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Since all third-party applications are HTTP services that are publicly available on the internet, one should always be mindful of the possibility of brute-force attacks. While brute-force attacks are unlikely due to the “security through obscurity” obtained by running your application service on a non-standard HTTP port, they should not be disregarded as a possibility. Brute-force attacks can be used against the POST /validate endpoint to perform brute-force attempts at cracking login credentials for the services and/or platforms that you integrate with. This poses a major security concern, especially if your application handles confidential, privileged, or otherwise sensitive information.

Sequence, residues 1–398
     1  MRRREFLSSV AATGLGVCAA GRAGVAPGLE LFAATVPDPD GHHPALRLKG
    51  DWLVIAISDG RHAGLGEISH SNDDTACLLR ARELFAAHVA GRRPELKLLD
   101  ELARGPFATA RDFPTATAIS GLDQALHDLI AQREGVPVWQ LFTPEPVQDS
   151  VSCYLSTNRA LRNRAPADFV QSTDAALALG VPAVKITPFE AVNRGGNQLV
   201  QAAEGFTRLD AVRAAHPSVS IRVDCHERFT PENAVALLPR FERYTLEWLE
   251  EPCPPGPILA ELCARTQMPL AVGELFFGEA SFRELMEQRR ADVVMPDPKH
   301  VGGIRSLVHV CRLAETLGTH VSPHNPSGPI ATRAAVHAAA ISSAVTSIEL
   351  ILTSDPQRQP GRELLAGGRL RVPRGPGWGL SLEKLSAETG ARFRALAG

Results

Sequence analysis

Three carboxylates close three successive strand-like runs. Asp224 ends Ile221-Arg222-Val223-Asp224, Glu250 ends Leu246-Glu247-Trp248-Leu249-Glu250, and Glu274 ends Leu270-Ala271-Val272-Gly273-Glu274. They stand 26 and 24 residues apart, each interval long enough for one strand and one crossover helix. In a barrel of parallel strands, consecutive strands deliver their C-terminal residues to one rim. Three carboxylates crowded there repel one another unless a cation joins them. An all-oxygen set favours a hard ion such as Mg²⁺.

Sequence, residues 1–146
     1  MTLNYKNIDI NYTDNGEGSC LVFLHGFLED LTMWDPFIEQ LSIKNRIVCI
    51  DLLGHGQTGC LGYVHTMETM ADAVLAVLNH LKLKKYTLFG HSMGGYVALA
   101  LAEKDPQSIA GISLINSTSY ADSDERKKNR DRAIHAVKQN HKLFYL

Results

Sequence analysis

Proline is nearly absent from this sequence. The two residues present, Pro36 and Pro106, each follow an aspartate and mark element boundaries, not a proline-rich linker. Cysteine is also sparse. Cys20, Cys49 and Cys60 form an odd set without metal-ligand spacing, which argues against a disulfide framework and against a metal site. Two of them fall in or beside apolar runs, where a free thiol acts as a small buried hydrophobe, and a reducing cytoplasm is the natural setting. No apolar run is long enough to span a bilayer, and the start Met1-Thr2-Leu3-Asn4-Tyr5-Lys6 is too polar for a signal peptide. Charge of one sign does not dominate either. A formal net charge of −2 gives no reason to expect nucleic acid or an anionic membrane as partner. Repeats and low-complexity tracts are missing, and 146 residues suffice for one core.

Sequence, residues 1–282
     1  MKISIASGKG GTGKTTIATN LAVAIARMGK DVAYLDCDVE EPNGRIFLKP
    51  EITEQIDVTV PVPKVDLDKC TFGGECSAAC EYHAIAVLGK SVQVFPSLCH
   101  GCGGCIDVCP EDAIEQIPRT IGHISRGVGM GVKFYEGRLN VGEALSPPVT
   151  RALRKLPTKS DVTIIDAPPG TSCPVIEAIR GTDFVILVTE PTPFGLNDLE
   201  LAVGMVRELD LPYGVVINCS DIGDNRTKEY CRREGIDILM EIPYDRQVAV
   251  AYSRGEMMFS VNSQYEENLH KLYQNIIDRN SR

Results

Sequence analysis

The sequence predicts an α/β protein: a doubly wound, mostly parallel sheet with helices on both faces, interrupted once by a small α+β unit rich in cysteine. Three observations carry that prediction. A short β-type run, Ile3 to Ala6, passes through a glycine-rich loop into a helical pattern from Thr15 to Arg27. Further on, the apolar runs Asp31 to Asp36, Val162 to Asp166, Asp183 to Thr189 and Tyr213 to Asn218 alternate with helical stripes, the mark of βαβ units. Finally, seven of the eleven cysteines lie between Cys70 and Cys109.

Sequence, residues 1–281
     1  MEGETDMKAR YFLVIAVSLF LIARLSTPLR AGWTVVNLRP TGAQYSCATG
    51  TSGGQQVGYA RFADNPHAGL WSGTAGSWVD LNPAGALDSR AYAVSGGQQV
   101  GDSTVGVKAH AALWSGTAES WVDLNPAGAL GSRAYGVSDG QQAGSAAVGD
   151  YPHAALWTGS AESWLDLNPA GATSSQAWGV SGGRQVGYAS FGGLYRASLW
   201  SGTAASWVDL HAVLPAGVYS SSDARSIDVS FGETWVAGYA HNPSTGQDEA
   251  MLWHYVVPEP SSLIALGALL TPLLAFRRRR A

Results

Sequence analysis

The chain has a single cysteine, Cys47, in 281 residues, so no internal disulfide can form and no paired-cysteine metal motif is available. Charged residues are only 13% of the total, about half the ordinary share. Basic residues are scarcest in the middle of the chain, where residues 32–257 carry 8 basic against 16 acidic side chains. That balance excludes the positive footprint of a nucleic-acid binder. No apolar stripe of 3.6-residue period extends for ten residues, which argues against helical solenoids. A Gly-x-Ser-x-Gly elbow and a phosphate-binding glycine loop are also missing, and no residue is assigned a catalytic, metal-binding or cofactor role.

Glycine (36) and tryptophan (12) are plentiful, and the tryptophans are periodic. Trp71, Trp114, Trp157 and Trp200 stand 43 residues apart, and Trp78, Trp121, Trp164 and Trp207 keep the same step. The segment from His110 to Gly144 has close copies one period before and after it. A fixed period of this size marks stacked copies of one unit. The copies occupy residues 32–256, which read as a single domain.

In order to mitigate these risks, it is recommended that application developers only accept requests from valid Vizydrop servers. All requests coming from Vizydrop’s applications gallery will contain a Server header similar to Vizydrop-Hermione/v.1.0.0. However, because these headers are easily spoofed, we recommend that developers utilize other means to help combat this risk, such as:

  • Rate Limiting
  • Allowing only Vizydrop IP addresses

Rate limiting is the least recommended of these two methods as they still leave your application susceptible to denial of service (DOS) attacks. This is the same reason why we recommend performing IP-address validation using a firewall, rather than in the application itself. Linux servers can take advantage of the /etc/hosts.deny file (or your favorite flavor’s equivalent). Enterprise-class firewalls, however, are the preferred method.